FDA publications indicate pickled and canned foods with pH values below 4.6, I repeat: hermetically sealed, can be considered "shelf stable" and be stored at room temperature.

T is for "Time"

Over time, all foods will spoil. Some foods, such as freeze dried, irradiated, and salt cured, may be edible for many years. Fresh ground beef, at room temperature, will become unsafe to eat after a couple of hours. The primary issue, above all others, is the effect of bacterial growth and the resulting build up their toxins. Experts have given time limits for safety, depending on how a food is handled.

Bacteria do not grow linearly, which would mean their numbers are proportional to the time. No, you do not double the bacteria in double the time. Truly, bacteria grow exponentially. Given an increment of more time, they grow their population (and their toxins) by a multiple of that increment.

Pathogens build in a cumulative manner. Thus, the time taken toward a safety limit is cumulative. If a piece of meat at room temperature, which should be safe for two hours, is refrigerated after one hour, it does not reset the clock. When that meat is removed from the refrigerator, it only has an hour of safety left.

Food will remain safe for days if kept at a temperature just above freezing. You should be very aware of these food safety time limits, when food is not being kept as cold:

Safe Food Times versus Temperature

Temperature                           Time Limit
  1°C / 34°F up to  4°C / 39°F        several days
  4°C / 39°F up to 30°C / 86°F        2 hours
  30°C / 86°F up to 60°C / 140°F      1 hour

T is also for "Temperature"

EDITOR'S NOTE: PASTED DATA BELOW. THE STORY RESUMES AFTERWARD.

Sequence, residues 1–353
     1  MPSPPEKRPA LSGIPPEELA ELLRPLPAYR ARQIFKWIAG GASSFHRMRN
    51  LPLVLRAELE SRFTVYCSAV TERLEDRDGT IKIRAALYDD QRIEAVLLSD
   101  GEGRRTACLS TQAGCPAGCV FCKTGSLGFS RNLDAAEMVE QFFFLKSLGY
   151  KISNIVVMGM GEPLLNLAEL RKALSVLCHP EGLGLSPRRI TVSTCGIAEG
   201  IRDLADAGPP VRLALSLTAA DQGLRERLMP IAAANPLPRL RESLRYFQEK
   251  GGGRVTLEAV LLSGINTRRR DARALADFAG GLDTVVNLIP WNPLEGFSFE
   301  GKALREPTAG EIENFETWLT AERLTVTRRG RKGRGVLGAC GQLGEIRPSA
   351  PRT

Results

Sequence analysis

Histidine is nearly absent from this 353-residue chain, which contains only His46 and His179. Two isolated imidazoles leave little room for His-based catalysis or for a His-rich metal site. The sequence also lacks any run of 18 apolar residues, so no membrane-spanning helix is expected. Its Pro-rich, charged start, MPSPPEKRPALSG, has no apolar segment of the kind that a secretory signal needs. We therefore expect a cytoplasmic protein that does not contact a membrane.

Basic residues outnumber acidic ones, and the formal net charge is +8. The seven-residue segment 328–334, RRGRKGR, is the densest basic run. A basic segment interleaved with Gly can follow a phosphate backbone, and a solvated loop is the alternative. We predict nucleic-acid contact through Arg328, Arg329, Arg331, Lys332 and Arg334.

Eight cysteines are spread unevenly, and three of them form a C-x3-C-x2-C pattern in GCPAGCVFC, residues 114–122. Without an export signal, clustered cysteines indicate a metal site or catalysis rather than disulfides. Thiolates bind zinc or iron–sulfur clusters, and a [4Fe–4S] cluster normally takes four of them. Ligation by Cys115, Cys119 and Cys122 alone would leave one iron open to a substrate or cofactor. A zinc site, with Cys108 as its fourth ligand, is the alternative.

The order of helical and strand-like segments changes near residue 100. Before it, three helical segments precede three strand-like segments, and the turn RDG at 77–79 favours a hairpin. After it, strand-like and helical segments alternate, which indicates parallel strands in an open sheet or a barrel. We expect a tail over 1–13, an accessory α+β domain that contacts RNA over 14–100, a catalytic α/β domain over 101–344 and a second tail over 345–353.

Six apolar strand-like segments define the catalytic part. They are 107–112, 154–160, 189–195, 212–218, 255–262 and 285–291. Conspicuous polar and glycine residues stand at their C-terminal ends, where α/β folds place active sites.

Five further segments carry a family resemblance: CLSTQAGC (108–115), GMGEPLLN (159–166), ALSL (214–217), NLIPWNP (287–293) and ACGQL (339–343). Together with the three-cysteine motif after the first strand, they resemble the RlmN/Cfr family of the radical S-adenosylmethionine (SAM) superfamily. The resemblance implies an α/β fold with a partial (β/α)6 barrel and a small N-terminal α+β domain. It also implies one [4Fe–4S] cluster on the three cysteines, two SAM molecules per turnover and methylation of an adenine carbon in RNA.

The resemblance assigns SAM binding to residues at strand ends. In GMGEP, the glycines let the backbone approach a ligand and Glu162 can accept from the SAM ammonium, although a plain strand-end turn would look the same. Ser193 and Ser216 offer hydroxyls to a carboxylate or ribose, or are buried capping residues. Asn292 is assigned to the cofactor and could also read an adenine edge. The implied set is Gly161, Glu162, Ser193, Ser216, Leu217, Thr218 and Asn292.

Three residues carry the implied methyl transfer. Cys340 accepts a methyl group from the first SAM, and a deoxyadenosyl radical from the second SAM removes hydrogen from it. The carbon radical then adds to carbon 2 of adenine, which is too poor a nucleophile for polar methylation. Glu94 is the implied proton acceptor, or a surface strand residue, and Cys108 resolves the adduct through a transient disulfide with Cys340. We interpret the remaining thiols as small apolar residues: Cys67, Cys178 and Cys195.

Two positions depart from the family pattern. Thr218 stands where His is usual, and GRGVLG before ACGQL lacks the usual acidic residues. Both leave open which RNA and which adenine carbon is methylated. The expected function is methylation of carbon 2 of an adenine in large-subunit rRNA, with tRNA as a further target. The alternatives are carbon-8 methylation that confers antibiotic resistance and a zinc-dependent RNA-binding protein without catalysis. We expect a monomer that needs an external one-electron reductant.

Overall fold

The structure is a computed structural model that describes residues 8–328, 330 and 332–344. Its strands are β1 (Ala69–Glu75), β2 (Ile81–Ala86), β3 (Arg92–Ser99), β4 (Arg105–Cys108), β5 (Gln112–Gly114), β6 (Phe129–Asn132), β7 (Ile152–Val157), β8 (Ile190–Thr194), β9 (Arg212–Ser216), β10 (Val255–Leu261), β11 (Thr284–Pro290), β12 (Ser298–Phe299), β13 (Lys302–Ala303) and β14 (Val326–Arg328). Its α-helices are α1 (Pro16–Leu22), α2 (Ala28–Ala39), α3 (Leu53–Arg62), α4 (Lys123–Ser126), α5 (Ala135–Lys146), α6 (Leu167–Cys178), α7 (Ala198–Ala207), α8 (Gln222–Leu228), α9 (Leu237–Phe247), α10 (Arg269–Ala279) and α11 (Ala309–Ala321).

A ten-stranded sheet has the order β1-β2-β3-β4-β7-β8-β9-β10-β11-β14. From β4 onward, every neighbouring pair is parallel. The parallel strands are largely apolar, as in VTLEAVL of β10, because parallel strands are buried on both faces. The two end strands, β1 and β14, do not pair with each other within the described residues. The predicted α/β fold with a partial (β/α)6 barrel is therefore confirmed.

Cold temperatures, from below the freezing point to slightly above freezing, are ideal for preserving food through refrigeration. Bacterial growth is limited at cold temperatures.

Bacteria grow best at a temperature range of 4°C / 39°F to 60C / 140°F, which is referred to as the “danger zone.” Food can spoil quickly in this range, as shown in the temperature vs time table shown above. This is so important to remember; make every effort to limit the amount of exposure of food to these temperatures.

The top of the danger zone for food is bounded by temperatures which kill bacteria and actually cook the food. Cooking temperature should exceed the danger zone and sustain above it for enough time to kill all of the bacteria. The duration of the temperature should therefore be longer in time if peaking lower. For example, see these examples for cooking chicken:

Cooking Chicken - Safe Temperatures vs Time

Internal Temperature                  Time
  145°F / 63°C                        9 minutes
  165°F / 74°C                        1 second

O is for "Oxygen"

O – Oxygen

Harmful bacteria in food typically need oxygen in order to live. In just a few instances, certain bacteria can live without oxygen. As examples, Salmonella needs oxygen; botulism does not.